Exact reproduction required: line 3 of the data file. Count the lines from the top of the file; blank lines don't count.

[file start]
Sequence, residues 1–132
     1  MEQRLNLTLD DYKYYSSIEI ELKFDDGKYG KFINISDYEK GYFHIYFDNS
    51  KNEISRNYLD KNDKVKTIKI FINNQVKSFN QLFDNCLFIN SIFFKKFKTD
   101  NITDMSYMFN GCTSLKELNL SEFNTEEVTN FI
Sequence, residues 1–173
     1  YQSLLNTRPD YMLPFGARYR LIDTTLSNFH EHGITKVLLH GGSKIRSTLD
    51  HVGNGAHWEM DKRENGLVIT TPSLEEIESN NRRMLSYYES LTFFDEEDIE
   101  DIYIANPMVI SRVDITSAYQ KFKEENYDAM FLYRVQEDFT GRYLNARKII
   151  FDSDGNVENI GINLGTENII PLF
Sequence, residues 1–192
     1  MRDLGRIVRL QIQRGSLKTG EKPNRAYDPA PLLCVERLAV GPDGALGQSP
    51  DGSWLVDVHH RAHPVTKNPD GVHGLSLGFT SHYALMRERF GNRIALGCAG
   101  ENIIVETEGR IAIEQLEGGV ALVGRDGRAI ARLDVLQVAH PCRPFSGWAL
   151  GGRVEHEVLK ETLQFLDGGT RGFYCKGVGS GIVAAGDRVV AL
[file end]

    51  KNEISRNYLD KNDKVKTIKI FINNQVKSFN QLFDNCLFIN SIFFKKFKTD